Clamp Ultrasonic flowmeters are commonly applied to measure the velocity of liquids that allow ultrasonic waves to pass, such as water, molten sulfur, cryogenic liquids, and chemicals. Transit time designs are also available to measure gas and vapor flow. Be careful because fluids that do not pass ultrasonic energy, such as many types of slurry, limit the penetration of ultrasonic waves into the fluid. In Doppler ultrasonic flowmeters, opaque fluids can limit ultrasonic wave penetration too near the pipe wall, which can degrade accuracy and/or cause the flowmeter to fail to measure. Transit time ultrasonic flowmeters can fail to operate when an opaque fluid weakens the ultrasonic wave to such an extent that the wave does not reach the receiver.

    Industries Where Used

    The industries in order of higher to lower are oil and gas, water and wastewater, power, chemical, food and beverage, pharmaceutical, metals and mining, and pulp and paper.

  • Model

    UFMC

    UFMV

    Flow Range(m/s)

    0~6

    0~6

    Accuracy

    ±1.5 % FS

    Repeatability

    ±0.3 % FS

    Measuring medium

    Water

    Working temperature

    -10℃~+50℃

    Piping size

    DN15~DN50

    DN65-DN300

    Piping material

    UPVC/carbon steel/Stainless steel

    Install way

    Clip

    V-Rail

    Flow rate output signals

    4~20mA or RS485 or Wireless(Zigbee 2.4G)

    required power supply

    DC24V/1A

  • Order Information

             

    UFM

    Code

    Installing Type

     

    C

    Clamp(For DN15~DN65 only)

     

    V

    V-rail(For DN65~DN300 only)

     

     

    Code

    Out Signal

     

     

    1

    4~20mA

     

     

    2

    RS485

     

     

    3

    Wifi(Zigbee 2.4G)

     

     

     

    Code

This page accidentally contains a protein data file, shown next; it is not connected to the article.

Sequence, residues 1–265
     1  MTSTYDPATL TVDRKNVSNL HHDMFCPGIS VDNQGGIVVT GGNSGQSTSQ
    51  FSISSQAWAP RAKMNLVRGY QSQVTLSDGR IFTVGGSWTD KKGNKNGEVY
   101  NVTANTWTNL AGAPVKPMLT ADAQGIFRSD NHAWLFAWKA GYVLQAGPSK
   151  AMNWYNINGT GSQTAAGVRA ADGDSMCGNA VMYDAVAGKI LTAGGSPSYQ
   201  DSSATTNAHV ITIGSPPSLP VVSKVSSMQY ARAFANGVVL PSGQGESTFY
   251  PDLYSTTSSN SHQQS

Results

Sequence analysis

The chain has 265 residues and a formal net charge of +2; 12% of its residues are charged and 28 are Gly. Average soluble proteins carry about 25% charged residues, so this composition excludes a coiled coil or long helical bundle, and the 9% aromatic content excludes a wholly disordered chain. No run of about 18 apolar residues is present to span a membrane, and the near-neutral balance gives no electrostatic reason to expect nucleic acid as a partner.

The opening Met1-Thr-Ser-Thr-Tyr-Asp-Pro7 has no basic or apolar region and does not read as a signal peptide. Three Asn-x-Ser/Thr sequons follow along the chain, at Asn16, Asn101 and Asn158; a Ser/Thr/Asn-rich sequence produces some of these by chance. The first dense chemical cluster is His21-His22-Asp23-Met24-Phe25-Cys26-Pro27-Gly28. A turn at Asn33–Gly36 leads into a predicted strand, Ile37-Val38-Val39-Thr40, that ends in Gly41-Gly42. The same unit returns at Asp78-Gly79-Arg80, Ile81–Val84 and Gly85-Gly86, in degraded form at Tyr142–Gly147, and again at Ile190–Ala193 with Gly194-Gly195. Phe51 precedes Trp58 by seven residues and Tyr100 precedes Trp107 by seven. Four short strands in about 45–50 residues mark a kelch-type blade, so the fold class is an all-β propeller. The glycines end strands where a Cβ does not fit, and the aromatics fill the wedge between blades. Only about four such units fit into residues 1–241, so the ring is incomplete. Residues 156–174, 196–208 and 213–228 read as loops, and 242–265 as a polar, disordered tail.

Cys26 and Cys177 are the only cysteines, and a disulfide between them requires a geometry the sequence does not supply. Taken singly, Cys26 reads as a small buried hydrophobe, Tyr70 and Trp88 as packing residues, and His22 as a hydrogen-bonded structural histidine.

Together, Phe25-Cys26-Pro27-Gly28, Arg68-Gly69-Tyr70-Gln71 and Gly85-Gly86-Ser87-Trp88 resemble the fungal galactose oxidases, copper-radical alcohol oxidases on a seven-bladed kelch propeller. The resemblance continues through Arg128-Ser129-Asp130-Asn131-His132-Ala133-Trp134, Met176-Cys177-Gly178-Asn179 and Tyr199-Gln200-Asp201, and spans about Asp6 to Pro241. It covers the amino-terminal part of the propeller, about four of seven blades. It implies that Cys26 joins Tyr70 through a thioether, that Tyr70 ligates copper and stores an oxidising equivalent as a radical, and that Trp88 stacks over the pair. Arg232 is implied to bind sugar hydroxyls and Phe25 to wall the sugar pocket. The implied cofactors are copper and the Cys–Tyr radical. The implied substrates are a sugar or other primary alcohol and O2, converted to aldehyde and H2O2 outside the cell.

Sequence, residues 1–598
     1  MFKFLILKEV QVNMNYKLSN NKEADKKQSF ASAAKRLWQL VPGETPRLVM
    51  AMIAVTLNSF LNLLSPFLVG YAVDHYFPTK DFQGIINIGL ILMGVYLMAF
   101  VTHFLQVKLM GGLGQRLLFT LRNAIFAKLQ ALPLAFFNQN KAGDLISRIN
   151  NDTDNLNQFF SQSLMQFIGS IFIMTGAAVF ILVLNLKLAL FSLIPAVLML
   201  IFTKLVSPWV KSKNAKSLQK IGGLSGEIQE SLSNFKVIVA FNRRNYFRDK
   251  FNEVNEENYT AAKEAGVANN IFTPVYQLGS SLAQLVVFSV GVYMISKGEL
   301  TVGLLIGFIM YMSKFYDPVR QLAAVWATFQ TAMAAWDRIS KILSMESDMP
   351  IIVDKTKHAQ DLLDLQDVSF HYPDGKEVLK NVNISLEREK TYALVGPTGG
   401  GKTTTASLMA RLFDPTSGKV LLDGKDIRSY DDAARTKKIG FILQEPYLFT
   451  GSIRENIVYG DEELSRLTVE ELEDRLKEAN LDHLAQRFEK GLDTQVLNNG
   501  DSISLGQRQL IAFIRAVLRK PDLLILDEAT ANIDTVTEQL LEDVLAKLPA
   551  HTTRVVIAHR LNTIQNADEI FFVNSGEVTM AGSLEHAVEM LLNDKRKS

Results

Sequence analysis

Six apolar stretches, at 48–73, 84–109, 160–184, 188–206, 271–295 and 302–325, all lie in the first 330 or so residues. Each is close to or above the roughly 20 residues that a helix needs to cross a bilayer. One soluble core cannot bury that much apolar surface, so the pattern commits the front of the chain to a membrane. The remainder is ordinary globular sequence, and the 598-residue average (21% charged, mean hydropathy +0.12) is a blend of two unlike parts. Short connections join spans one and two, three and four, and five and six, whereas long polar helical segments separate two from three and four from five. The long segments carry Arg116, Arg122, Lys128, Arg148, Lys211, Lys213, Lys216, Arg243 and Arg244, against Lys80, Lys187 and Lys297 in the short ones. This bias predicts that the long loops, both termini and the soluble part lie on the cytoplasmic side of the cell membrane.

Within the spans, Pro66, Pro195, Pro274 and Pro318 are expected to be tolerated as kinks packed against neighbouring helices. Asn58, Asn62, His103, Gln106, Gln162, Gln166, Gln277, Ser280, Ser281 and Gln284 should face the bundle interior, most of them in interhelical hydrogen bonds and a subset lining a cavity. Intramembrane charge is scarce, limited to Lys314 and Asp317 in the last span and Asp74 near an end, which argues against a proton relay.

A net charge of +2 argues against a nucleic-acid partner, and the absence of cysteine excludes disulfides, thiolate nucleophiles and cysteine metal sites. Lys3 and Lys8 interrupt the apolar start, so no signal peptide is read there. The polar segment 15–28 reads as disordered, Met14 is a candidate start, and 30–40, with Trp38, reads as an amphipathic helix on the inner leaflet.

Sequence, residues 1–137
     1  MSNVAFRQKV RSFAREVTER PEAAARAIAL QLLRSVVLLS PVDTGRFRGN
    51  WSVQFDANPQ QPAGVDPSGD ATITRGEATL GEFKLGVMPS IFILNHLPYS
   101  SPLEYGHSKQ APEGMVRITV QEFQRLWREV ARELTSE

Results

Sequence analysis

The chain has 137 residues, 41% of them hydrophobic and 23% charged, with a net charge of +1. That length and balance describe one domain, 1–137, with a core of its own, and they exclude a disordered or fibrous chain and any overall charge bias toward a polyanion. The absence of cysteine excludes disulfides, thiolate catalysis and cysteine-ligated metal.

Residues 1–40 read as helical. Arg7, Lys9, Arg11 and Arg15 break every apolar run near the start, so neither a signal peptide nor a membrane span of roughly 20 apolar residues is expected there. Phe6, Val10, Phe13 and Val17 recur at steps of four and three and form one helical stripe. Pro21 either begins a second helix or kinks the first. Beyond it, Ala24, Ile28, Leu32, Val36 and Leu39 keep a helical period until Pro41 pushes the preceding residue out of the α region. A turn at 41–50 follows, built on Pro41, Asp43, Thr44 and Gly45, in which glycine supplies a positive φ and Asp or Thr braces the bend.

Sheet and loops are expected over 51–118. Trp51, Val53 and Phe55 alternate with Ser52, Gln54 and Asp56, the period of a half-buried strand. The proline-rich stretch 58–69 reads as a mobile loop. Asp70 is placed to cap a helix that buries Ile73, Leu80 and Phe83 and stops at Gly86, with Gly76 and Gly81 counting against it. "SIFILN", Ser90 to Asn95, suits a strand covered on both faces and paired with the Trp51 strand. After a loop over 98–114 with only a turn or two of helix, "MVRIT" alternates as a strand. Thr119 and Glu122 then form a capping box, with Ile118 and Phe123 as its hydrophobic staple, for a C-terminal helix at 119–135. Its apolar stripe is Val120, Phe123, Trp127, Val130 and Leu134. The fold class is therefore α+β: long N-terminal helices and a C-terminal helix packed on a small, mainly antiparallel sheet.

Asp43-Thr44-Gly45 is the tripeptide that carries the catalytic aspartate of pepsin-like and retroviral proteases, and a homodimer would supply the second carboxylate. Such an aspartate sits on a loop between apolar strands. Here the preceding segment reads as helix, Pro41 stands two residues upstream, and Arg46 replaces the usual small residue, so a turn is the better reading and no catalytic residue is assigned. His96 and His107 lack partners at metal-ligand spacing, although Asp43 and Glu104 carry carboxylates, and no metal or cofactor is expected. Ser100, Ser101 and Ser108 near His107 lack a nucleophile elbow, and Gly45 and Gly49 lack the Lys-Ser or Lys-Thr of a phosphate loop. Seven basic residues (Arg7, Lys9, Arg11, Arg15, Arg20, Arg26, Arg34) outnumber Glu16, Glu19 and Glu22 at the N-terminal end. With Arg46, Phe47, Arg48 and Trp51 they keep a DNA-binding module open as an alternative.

Piping Size Type

     

     

     

    0

    DN15(For Clamp type only)

     

     

     

    1

    DN20(For Clamp type only)

     

     

     

    2

    DN25(For Clamp type only)

     

     

     

    3

    DN32(For Clamp type only)

     

     

     

    4

    DN40(For Clamp type only)

     

     

     

    5

    DN50(For Clamp type only)

     

     

     

    6

    DN65(For V-rain type only)

     

     

     

    7

    DN80(For V-rain type only)

     

     

     

    8

    DN100(For V-rain type only)

     

     

     

    9

    DN150(For V-rain type only)

     

     

     

    10

    DN200(For V-rain type only)

     

     

     

    11

    DN250(For V-rain type only)

     

     

     

    12

    DN300(For V-rain type only)

     

     

     

     

    Code

    Logo

     

     

     

     

    F

    FGT Logo(Standard Type)

     

     

     

     

    C

    Customer Logo

     

     

     

     

     

     

     

    UFM

     

     

     

     

    Complete Ordering Code

    *Note:All Model come with Power Supply(+24Vdc/1A)

       

    *Note:Using customer Logo launch to more than 100 united for  one year